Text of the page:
The final primary election of 2016 will take place on June 14 in Washington, D.C., as Democratic voters head to the polls for one last showdown between Hillary Clinton and Bernie Sanders. By that time, most Americans will probably already consider Clinton the nominee — she may even claim the title herself — but the District of Columbia's 45 delegates could still factor into Sanders' plan for a contested convention. That's, in part, because D.C.'s Democratic primary isn't winner-take-all.
The Democratic Party, as a rule, does not maintain winner-take-all primaries. Instead, Democratic delegates are allocated state-by-state on a proportional basis. Candidates receive pledged delegates based on their share of a state's primary vote. In other words, it matters less that a candidate wins a majority of the vote in a given state than how much of that vote the candidate receives. In states where either Clinton or Sanders has won, but by a very narrow margin, the candidates have left the state with virtually comparable delegate hauls.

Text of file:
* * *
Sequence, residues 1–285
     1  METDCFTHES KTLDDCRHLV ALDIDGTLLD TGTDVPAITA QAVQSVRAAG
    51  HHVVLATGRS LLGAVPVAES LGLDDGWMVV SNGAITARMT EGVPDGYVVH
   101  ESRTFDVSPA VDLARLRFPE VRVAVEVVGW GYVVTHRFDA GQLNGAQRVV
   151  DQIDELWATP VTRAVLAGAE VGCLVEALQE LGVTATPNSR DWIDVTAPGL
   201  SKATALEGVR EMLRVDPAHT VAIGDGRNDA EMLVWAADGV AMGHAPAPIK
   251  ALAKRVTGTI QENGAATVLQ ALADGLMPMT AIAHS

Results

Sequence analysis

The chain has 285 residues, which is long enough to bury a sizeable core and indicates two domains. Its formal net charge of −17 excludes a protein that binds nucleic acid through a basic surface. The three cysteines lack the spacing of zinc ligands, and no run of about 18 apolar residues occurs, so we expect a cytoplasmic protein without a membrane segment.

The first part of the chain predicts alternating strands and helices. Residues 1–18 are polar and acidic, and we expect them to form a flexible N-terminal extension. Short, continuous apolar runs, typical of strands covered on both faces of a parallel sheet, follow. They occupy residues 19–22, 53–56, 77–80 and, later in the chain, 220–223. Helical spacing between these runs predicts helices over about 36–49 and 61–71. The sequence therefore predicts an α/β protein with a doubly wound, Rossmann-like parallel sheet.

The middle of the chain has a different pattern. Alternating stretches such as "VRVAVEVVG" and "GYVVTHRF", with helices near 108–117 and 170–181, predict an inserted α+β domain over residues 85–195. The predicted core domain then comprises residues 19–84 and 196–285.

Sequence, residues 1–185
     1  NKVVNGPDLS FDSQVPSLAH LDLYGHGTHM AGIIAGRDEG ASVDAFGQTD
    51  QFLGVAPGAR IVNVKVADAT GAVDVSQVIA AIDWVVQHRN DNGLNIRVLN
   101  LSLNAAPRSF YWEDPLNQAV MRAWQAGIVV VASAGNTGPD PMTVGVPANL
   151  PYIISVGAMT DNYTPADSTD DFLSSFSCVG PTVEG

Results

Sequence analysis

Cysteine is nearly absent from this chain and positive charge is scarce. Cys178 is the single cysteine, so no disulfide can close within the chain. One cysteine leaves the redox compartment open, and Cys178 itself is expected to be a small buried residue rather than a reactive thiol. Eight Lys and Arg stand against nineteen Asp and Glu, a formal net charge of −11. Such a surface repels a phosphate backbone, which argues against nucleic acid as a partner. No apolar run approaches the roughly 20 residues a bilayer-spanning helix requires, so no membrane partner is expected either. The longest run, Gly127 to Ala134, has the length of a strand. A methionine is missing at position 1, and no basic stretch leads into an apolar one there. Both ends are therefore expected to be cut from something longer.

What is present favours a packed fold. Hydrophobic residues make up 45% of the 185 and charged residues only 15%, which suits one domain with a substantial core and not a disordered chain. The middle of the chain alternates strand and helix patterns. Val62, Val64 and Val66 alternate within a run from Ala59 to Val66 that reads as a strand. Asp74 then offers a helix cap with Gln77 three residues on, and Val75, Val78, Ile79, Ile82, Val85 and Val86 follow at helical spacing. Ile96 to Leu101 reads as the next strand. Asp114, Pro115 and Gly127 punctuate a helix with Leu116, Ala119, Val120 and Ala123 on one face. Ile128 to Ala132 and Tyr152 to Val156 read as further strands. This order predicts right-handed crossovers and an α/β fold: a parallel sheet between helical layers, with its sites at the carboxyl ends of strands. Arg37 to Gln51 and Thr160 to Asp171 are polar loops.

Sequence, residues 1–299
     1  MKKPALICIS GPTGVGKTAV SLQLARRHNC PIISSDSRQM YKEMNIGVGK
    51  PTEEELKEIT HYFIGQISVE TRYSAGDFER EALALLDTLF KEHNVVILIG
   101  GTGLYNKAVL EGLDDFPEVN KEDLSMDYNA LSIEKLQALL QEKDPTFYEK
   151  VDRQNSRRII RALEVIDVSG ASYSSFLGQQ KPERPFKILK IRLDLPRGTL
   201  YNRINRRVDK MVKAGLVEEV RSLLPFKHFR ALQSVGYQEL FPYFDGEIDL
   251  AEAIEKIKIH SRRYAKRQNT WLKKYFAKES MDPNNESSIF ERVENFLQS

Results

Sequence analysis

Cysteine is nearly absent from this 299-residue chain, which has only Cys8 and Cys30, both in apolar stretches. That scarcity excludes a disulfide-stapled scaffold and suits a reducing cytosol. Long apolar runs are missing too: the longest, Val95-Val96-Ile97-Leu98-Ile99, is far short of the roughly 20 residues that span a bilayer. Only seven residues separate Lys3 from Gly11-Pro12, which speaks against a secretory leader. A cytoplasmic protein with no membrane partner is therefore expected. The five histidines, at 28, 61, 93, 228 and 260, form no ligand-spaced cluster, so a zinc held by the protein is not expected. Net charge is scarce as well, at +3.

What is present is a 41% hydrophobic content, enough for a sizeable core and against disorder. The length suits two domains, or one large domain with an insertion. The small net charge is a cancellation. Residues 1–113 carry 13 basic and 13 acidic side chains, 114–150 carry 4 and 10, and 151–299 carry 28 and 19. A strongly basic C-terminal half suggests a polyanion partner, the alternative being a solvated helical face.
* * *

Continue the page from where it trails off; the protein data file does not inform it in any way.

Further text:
D.C.'s Democratic primary will allocate 20 pledged delegates. Those delegates will be awarded to Clinton or Sanders based on the percentage of the vote they each receive at the polls. According to the District's Democratic Party, a candidate needs to win just 15 percent of the popular vote in order to earn a delegate.
For her part, Clinton could benefit from the endorsements of the D.C. mayor and much of the D.C. council. She could also benefit from the momentum that her campaign has had throughout much of the primary race so far. Not to mention, a bit of controversy arose back in April when the D.C. council had to alter its own rules to even allow Sanders onto the District's ballot after what seemed like an administrative mix-up.
Still, the majority of D.C.'s Democratic delegates won't be allocated on primary day. The District will send 25 superdelegates to the Democratic National Convention in July, and those delegates don't officially pledge their allegiance until the first vote at the convention. Sanders has criticized his party's superdelegate system throughout much of the primary race, but he turned his focus to them in early June when he signaled his desire for a contested convention.
After months of primaries, caucuses, and debates, it seems fitting that the Democrats' final battle at the polls will take place in the nation's capital. If Sanders has his way, it won't be the final battle of the Democratic race, though. That would happen in July in Philadelphia, at his party's convention.